Although the company reported record Midstream segment income of $567 million, as well as a $7 million increase in earnings over Q1 2017, its Refining and Marketing (R&M) segment reported a loss of $133 million, compared with a loss of $70 million from Q1 2017. However, Marathon said this “decrease in segment results was primarily due to the Feb. 1, 2018, dropdown of refining logistics assets and fuels distribution services to MPLX,” the logistics arm of the business, which accounts for the majority of its Midstream operations.
“The change in segment results also reflects the benefits of increased refinery throughputs, lower direct operating costs and the retroactive enactment of a biodiesel blending tax credit for 2017, offset by lower product price realizations as compared with spot market reference prices,” Marathon reported.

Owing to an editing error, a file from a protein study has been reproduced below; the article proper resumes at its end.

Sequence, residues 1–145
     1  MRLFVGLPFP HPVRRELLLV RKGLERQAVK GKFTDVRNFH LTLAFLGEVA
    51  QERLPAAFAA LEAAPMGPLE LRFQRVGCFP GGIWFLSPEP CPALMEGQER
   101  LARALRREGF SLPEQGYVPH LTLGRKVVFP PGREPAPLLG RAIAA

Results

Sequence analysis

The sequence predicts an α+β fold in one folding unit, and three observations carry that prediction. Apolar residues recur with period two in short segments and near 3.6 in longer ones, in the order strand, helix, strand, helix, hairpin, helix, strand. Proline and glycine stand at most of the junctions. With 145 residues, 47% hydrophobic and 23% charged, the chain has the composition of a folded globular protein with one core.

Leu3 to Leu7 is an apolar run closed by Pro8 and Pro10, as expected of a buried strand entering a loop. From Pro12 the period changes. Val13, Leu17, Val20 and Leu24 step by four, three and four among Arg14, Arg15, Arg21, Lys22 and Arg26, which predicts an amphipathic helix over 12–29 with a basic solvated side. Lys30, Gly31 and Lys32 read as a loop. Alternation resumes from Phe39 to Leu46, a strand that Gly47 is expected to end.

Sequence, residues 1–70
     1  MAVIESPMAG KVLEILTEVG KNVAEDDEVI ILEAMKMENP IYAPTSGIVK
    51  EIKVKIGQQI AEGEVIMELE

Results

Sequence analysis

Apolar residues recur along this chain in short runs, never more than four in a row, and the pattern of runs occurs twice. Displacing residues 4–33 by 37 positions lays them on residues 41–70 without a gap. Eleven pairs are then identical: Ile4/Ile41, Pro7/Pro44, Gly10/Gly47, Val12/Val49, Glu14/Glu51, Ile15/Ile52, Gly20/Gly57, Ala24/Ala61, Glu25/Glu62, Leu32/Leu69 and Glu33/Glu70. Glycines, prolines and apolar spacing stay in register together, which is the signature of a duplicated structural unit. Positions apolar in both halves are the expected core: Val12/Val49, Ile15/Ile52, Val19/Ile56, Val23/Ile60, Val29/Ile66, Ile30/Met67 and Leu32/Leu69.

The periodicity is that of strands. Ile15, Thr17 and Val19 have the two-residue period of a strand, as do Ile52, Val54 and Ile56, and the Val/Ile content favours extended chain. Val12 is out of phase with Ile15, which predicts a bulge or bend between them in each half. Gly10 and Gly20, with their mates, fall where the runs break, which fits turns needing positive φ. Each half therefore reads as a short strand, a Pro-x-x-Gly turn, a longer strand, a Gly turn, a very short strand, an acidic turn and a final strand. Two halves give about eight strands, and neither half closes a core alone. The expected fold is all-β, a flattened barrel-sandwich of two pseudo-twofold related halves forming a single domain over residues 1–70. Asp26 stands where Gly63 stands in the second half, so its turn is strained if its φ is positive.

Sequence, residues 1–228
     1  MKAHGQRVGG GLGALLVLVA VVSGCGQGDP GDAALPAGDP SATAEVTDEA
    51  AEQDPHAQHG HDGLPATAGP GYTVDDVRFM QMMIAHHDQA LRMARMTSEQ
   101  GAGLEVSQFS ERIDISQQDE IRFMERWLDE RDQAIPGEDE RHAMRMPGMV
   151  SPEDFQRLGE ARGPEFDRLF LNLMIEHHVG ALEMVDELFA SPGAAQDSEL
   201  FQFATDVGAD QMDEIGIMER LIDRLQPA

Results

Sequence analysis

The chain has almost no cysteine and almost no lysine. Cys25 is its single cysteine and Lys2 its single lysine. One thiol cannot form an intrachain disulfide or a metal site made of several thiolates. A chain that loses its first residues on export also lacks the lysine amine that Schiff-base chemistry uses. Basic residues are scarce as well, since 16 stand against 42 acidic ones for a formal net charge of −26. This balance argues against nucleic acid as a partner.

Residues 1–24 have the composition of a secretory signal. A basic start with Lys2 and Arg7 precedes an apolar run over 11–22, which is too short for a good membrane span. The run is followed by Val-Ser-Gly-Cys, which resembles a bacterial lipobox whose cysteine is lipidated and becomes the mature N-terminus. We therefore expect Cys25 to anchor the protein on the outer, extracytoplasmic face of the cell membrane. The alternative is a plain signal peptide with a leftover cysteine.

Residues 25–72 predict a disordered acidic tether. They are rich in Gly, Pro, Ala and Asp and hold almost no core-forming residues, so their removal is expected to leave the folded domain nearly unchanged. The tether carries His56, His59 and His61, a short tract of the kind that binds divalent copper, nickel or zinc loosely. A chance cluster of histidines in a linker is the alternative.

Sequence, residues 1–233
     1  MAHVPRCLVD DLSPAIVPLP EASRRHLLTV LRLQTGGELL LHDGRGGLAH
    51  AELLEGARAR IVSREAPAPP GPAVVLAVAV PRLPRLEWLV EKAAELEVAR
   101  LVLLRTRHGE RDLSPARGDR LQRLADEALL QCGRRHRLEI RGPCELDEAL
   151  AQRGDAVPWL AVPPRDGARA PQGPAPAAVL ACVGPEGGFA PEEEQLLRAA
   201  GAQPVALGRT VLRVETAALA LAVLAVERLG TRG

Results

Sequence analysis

Andeavor, for its part, released first-quarter earnings a full week later, on May 7, 2018. Having acquired major refinery assets from Western Refining the year prior, Andeavor (formerly known as Tesoro Corp.) reported quarterly net earnings of $160 million, or $1.07 per diluted share, and refining operating income of $205 million — up drastically from Q1 2017 net earnings of $50 million and Q1 2017 refining operating income of $34 million.
The company reported a merchandise margin of $50 million, up $47 million from Q1 2017, “primarily due to the Western Refining acquisition and the conversion of MSO sites (multi-site operators) to company owned sites, which allow for the capture of non-fuel margin.”